For the past decade, the Saturday after Thanksgiving has been recognized as Small Business Saturday, which has given local businesses the opportunity to promote their services to the surrounding community at the start of the holiday shopping season. The goal of the initiative is to raise awareness of local businesses and how important small and local run businesses are to our economy.
Many small businesses give back to their communities by supporting local sports teams and community nonprofit organizations. There are 861,373 small businesses in the state of New Jersey, which make up 99.6% of all Garden State businesses and employ more than 1.8 million workers. Across the United States, small businesses employ 47.5% of the nation’s workforce.
The road is tough for startups, around 20% close in their first year and 50% close within five years. If we want small businesses to grow and succeed, it will take a collaborative effort.
As a legislator and a small business owner, I’ve experienced firsthand the challenges of running a small business. The cost of basic services can be enough to put a business in financial trouble. When you include New Jersey’s high property taxes that do not cover routine services, like trash collection, the cost of operating a business can quickly become overwhelming.
On top of these expected taxes and fees, around 50% of municipalities in New Jersey charge businesses with annual mercantile license fees.
The topic of conversation in Trenton of late is about who we give tax incentives to and the past practices of administering and overseeing tax incentive programs. Through my experience, I fear that not having any tax incentive programs would make New Jersey noncompetitive with surrounding states.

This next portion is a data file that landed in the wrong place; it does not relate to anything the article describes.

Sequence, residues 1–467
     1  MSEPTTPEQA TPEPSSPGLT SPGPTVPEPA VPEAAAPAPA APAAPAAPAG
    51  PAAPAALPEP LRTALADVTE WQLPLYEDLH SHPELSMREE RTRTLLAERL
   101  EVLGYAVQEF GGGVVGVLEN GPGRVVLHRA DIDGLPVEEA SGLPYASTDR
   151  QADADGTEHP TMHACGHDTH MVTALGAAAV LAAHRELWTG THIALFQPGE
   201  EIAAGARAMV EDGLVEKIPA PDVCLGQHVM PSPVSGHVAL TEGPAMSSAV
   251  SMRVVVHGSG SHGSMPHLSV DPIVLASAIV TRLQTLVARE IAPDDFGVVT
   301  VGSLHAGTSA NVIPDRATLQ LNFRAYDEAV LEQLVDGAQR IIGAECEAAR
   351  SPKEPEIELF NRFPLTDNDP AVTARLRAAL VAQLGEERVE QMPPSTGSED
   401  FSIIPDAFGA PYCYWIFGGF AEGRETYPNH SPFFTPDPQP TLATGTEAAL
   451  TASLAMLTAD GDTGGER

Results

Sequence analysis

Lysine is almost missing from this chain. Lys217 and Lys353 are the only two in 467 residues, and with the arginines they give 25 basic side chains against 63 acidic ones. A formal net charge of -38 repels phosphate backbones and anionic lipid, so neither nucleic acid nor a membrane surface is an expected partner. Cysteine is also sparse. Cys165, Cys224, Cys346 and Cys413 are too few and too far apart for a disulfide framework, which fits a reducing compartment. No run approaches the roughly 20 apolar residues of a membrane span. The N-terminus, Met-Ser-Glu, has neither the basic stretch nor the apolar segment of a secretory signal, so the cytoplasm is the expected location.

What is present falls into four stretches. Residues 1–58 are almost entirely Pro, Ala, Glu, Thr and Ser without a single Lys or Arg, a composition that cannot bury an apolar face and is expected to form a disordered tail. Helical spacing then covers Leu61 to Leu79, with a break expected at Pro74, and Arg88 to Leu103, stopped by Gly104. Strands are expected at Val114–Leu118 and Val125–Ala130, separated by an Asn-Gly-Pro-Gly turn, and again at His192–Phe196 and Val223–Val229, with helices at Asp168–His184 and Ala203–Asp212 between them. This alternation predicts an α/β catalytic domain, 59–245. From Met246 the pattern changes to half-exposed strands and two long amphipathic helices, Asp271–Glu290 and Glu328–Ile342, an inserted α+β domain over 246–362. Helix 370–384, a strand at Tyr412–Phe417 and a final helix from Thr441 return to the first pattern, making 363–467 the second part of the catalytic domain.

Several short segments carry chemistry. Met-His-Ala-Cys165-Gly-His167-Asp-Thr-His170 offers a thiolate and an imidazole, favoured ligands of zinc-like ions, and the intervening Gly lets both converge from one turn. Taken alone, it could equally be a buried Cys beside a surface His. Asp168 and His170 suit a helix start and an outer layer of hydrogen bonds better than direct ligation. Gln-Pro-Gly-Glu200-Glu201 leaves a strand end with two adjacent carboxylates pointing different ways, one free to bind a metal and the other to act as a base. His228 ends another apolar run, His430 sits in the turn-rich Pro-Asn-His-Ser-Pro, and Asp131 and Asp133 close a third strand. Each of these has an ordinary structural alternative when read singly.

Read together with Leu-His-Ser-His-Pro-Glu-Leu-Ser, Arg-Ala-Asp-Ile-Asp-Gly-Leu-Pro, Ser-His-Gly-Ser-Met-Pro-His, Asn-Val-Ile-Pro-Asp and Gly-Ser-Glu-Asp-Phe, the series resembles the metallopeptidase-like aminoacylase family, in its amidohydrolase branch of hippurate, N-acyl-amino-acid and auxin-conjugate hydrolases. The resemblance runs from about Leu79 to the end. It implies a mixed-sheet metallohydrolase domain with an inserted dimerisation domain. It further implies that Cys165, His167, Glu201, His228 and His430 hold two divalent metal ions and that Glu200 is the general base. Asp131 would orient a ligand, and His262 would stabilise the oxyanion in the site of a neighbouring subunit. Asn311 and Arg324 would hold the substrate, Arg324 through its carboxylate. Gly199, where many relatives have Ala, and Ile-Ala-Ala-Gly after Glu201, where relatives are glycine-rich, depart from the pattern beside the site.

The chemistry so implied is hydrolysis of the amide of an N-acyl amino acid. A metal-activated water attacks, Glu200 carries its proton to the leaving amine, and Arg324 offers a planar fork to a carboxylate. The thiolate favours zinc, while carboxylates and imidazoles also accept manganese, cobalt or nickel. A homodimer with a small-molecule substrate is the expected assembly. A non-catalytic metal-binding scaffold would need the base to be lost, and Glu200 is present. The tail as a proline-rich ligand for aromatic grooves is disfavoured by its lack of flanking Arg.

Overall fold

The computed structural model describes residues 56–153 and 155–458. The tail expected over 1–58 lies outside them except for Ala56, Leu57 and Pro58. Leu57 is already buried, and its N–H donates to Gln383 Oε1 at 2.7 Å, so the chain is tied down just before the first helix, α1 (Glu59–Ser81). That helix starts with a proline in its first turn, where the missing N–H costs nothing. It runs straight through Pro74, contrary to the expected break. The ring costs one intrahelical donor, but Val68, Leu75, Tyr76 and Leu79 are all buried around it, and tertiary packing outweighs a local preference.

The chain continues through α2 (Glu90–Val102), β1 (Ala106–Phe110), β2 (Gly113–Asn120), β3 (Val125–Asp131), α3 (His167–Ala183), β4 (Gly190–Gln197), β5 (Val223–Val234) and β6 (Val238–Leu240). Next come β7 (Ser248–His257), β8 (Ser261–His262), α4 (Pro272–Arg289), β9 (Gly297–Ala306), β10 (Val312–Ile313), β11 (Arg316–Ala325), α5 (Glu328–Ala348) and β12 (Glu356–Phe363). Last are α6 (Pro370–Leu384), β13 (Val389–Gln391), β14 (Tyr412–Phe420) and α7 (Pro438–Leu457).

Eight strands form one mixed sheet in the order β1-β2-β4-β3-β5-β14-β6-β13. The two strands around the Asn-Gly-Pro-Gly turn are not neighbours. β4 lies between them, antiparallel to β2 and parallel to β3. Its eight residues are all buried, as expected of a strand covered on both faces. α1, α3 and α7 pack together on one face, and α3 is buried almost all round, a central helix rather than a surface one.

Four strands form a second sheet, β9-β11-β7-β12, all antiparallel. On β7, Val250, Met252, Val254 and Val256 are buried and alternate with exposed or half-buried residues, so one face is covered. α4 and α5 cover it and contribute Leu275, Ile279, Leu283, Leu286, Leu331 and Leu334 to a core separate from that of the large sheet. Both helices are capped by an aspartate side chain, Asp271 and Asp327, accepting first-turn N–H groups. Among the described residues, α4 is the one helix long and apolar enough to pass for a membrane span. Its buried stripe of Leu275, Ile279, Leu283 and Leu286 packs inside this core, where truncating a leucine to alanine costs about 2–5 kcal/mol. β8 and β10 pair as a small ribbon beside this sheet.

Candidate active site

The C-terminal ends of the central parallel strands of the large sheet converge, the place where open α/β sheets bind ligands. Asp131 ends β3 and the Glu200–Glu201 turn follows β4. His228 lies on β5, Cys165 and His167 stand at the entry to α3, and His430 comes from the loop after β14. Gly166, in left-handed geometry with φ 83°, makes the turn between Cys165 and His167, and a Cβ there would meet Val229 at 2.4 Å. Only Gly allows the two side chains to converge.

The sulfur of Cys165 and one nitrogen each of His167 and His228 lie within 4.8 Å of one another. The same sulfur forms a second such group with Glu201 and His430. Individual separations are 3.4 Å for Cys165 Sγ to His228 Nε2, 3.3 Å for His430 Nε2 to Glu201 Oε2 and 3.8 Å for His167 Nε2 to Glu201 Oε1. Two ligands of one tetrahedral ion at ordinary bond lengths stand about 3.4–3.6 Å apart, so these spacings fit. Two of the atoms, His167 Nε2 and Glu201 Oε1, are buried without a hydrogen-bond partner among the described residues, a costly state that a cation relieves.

However, when we examine previous incentive programs, such as Grow New Jersey and ERG, it’s clear that these programs didn’t benefit struggling small businesses. The new tax incentive question should be: “How do we help small business be successful in New Jersey?”
The other issue that many small businesses face is the many licensing processes they must go through to operate. Many local businesses have to send numerous payments for different applications that New Jersey requires for them to operate. I understand the need for regulation; however, we should consolidate the processes, making it easier and more streamlined for new business.
In 2010, New Jersey created the Business Action Center. NJBAC is a business-first resource center that is focused on helping small and starting businesses navigate government requirements. It provides support services, counseling and can help redirect entrepreneurs to other resources throughout the state. Additionally, there are also 12 small business development centers throughout New Jersey. Each is dedicated to supporting the development and retention of New Jersey’s small businesses.
In the new 2020-2021 legislative session, it’s my goal to bring new prospective and a heavier emphasis to the discussion on how New Jersey can be a better state for small businesses. I plan on organizing a Small Business Caucus comprised of bipartisan members of the Legislature.
The goal of this caucus would be to talk with small business owners and create legislation that would incentivize entrepreneurship and small businesses.
There is support for starting a small business in New Jersey, but the reality is we need to be better in offering support to sustain and continue developing local businesses. “Shop Small, Buy Local” are just words if we don’t give small businesses every opportunity to succeed.
Assemblyman Vince Mazzeo, of Northfield, is a Democrat representing the state’s 2nd Legislative District.